What is the future of Copper River Salmon?

Copper River king salmon rest on ice at Pike Place Fish Market in Seattle, WA on Saturday, May 19, 2018. (Photo by Emily Mesner/The Cordova Times)

Nearly 40 participants from the headwaters to the Prince William Sound gathered in Glennallen to attend a search conference Nov. 1-3 to discuss the future of Copper River salmon. Those attending included tribal and non-tribal rod and real, dipnet, fishwheel, seine or gill-net users and federal and state fisheries managers.

Search conferences informally engage stakeholder groups in a number of collective exercises to identify a shared vision and plan. Breakout groups were used to identify our shared history, probable and ideal futures, and an action plan moving forward. Several common goals began to emerge throughout the conference. Stakeholders shared a desire to establish a single management structure incorporating science and traditional knowledge to ensure continued healthy salmon populations and fisheries from the headwaters to the sea and beyond. Working together to ensure that our fish, waters, and peoples remain healthy was a strong common goal.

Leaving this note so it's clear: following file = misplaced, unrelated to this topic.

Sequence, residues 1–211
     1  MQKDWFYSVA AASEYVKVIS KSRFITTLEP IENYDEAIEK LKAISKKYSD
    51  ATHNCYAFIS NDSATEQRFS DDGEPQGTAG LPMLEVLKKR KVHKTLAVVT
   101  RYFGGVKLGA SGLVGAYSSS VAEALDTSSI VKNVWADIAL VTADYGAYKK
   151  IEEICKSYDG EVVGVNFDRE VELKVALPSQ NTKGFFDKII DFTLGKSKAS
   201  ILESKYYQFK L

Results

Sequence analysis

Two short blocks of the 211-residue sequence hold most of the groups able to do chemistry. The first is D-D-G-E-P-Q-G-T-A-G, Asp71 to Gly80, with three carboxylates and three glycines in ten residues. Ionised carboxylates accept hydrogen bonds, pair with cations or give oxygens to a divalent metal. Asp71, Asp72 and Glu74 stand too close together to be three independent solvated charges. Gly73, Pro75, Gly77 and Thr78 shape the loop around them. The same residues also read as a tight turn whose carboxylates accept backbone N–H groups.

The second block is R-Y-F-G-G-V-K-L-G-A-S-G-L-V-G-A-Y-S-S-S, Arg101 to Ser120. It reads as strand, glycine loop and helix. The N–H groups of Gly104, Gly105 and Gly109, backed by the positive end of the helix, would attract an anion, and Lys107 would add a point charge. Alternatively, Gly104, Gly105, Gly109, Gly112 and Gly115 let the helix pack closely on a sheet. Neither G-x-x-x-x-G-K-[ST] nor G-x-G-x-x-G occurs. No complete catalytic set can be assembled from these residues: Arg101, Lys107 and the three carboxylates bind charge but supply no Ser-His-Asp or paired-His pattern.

This conference made it possible for people to begin to better know and understand each other. More common ground than differences among participants. We came away with a strong commitment to formally establish and to continue to strengthen the emerging partnership shared by all.

Most expressed the importance of working together to improve our grandchildren’s future.

Healthy fish, waters and peoples requires communication, collaboration and commitment among the federal, state, tribal and public partners. Grievances and disagreements must be pushed aside for the pursuit of the common good. Practicing sharing, caring and respect for each other and our fisheries must begin again, if we are to ensure that our grandchildren are able to harvest the fish that our grandparents speak of. Alaska’s rivers provide more than just opportunities to harvest fish. They are places where families connect with each other year after year. These places immediately invoke a smell, taste, and feeling that makes us whole.

We want to thank the Ahtna tribes, local participants, Native Village of Eyak, Cordova District Fishermen United, Copper River Watershed Project, the Wrangell-St. Elias National Park & Preserve, and the Alaska Department of Fish & Game for their participation in this game changing event.


Karen Linnell is the executive director of the Ahtna Intertribal Resource Commission.